The central bank resisted calls to raise rates since August to support the economy. Growth in the nation of about 80 million people is set to slow to 3 percent this year from 3.9 in 2013, according to the median of 31 forecasts compiled by Bloomberg.

As companies like Jantsa delay investments, that’s a drag on the economy, according to Zsolt Papp, who helps oversee $2.6 billion of emerging-market debt at Union Bancaire Privee in Zurich.

“Some companies with a material currency mismatch in assets and liabilities could be forced to seek restructuring,” Papp said Thursday.

As clients pressure Jantsa to hold prices even as costs rise, Cercioglu is delaying plans to spend more on research and development to enhance productivity. “We want to protect ourselves against a possible crisis.”

Cercioglu isn’t alone in reconsidering business plans. Suleyman Gerdan, chairman of Germaksan Makina Sanayi ve Ticaret Ltd., a machinery maker, cut production and is working at about 35 percent of capacity at its factory in the southern city of Adana following a slowdown in orders.

It will struggle to surpass 2013 sales of 45 million liras this year as costs for everything from electricity to transportation climb, according to Gerdan.

“We recently froze an investment of about 7 million euros ($9.5 million), thinking it’s better to stay liquid,” Gerdan said by phone on Feb. 5. “That investment would have allowed us to expand in Africa. After the surge in the dollar, we can’t see what’s ahead.”

 
A version of this article appeared in the print edition of The Daily Star on February 08, 2014, on page 4.
Home Middle East
 
     
 
Turkey
Advertisement
Comments  

Your feedback is important to us!

We invite all our readers to share with us their views and comments about this article.

Disclaimer: Comments submitted by third parties on this site are the sole responsibility of the individual(s) whose content is submitted. The Daily Star accepts no responsibility for the content of comment(s), including, without limitation, any error, omission or inaccuracy therein. Please note that your email address will NOT appear on the site.

comments powered by Disqus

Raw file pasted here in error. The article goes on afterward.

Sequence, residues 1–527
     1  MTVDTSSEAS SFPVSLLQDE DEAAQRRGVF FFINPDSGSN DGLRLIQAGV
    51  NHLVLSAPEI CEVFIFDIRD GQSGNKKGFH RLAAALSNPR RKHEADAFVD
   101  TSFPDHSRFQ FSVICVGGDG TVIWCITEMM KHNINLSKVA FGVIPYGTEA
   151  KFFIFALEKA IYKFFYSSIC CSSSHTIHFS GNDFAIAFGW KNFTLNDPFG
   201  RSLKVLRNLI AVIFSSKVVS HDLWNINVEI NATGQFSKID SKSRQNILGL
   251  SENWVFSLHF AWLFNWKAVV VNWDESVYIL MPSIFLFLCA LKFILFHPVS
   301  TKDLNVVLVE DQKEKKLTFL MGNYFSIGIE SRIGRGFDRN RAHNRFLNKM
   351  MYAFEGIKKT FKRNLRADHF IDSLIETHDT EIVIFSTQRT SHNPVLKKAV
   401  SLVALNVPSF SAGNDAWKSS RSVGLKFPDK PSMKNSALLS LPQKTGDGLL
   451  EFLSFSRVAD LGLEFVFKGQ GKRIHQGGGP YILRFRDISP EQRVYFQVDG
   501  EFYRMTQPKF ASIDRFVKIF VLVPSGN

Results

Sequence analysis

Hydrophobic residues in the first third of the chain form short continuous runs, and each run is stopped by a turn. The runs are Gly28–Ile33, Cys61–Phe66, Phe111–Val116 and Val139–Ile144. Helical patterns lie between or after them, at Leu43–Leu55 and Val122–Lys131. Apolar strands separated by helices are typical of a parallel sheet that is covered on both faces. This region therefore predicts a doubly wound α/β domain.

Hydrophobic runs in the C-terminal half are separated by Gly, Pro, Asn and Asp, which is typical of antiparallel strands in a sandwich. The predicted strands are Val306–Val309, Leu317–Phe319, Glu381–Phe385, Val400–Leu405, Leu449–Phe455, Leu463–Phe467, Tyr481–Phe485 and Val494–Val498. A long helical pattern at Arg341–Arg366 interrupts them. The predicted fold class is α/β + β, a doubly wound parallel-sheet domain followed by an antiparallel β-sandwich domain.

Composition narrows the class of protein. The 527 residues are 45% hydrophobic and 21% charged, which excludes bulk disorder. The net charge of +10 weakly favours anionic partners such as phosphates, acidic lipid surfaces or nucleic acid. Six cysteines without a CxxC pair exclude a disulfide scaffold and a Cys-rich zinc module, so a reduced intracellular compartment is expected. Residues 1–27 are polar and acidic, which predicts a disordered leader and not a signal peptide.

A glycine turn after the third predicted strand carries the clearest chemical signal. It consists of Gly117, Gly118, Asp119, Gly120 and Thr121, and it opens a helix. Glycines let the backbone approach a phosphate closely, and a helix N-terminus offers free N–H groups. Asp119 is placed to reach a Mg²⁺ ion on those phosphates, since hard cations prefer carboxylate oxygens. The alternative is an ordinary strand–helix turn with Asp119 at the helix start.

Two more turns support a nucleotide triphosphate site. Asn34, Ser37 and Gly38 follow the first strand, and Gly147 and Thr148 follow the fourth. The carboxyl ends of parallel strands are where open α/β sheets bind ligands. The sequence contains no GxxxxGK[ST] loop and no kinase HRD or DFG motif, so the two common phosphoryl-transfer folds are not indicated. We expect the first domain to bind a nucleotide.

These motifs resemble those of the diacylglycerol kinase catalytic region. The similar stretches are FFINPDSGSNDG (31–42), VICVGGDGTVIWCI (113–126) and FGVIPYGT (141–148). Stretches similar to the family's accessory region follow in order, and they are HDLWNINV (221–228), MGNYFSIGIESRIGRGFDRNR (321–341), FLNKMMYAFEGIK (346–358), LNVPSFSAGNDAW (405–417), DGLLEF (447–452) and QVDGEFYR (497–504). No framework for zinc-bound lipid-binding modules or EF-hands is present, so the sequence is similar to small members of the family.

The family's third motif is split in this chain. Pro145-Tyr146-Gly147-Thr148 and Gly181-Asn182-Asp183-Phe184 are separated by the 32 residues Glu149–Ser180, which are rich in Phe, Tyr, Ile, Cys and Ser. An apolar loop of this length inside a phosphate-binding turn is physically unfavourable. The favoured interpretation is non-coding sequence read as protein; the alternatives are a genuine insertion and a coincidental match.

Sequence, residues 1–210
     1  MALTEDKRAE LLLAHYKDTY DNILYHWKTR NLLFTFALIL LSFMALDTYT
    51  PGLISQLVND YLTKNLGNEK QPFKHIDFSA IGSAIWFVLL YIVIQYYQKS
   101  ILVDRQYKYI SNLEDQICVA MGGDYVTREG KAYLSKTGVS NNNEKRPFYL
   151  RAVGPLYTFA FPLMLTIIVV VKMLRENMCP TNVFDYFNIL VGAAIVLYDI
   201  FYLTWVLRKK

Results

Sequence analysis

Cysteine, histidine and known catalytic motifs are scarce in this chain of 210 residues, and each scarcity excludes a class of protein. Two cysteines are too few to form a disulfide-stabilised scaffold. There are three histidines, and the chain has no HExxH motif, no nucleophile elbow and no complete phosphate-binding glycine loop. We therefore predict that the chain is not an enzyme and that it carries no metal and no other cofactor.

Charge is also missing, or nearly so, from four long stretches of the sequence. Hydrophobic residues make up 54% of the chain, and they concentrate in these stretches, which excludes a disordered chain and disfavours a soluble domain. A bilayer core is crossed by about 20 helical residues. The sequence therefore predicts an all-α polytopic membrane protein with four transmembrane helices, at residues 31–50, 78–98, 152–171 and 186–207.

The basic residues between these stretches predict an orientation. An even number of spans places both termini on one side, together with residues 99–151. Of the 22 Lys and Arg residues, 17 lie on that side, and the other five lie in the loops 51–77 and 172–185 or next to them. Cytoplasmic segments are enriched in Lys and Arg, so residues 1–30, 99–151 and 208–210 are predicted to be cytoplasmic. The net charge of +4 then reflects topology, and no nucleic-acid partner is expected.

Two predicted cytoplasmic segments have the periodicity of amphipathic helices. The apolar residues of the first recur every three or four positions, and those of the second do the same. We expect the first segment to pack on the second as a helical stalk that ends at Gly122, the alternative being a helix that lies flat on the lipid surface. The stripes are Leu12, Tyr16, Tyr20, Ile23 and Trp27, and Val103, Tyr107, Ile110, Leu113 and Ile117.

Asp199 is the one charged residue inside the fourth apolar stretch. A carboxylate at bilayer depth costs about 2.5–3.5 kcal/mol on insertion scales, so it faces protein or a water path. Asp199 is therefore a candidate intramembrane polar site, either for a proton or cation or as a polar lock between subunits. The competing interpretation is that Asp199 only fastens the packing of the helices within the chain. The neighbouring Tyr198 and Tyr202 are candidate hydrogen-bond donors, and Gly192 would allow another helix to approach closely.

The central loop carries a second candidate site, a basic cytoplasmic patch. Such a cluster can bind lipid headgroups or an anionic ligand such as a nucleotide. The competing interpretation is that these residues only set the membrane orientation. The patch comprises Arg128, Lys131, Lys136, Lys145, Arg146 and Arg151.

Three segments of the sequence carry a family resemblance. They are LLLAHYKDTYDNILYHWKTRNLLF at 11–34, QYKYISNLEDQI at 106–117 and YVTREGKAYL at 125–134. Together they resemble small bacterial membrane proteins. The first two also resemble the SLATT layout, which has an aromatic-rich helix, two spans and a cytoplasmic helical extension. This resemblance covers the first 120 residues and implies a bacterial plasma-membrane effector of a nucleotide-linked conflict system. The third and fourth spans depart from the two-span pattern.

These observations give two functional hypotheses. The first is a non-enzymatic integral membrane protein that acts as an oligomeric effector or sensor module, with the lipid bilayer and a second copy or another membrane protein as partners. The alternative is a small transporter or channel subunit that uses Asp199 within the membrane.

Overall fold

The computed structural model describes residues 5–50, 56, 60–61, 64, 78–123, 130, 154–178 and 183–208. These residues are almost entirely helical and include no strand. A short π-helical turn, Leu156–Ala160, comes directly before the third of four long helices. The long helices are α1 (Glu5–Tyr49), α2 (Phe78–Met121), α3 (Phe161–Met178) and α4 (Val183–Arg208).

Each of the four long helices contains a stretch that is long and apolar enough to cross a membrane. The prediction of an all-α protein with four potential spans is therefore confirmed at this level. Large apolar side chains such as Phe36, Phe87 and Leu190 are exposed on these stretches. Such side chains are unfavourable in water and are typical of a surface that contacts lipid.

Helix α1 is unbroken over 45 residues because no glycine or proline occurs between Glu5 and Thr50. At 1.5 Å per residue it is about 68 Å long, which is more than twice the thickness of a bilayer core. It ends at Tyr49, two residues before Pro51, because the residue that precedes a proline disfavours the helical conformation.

Story Summary
Ercan Cercioglu is holding off on investing in new technology for the Turkish maker of car parts that he runs as the lira's slide makes it harder for companies to service foreign-currency debt.

The cost of importing raw materials like steel jumped as the lira tumbled 13 percent in the past six months, according to Cercioglu, chief executive officer of Aydin, Turkey-based Jantsa Jant Sanayi ve Ticaret AS. The company, whose third-quarter financial debt was 41 million liras ($19 million) and was almost fully denominated in foreign currencies, is hesitating to pass additional costs onto customers, he said.

Net foreign-currency debt of Turkish companies surged 21 percent to $170 billion last year through November, according to central bank data.

The lira weakened 0.3 percent Friday morning to 2.2168 per dollar.

Out of every 10,000 companies, only two aren't SMEs, a classification for businesses employing fewer than 250 workers and/or posting annual sales of under 40 million liras, according to data of the state-run Small and Medium Enterprises Development Organization.
Related Articles
China burns speculators as $5.5B lost on yuan bets
 
 
Erdogan win seen easing foreign investor exodus
Entities
Advertisement


Baabda 2014
Advertisement
Follow us on Facebook Follow us on Twitter Follow us on Linked In Follow us on Google+ Subscribe to our Live Feed
Multimedia
Images  
Pictures of the day
A selection of images from around the world- Saturday April 19, 2014
View all view all
Advertisement
Rami G. Khouri
Rami G. Khouri
Why Israeli-Palestinian talks fail
Michael Young
Michael Young
Why confuse gibberish with knowledge?
David Ignatius
David Ignatius
Echoes of 1914 characterize the Ukraine crisis
View all view all
Advertisement
cartoon
 
Click to View Articles
 
 
News
Business
Opinion
Sports
Culture
Technology
Entertainment
Privacy Policy | Anti-Spamming Policy | Disclaimer | Copyright Notice
© 2014 The Daily Star - All Rights Reserved - Designed and Developed By IDS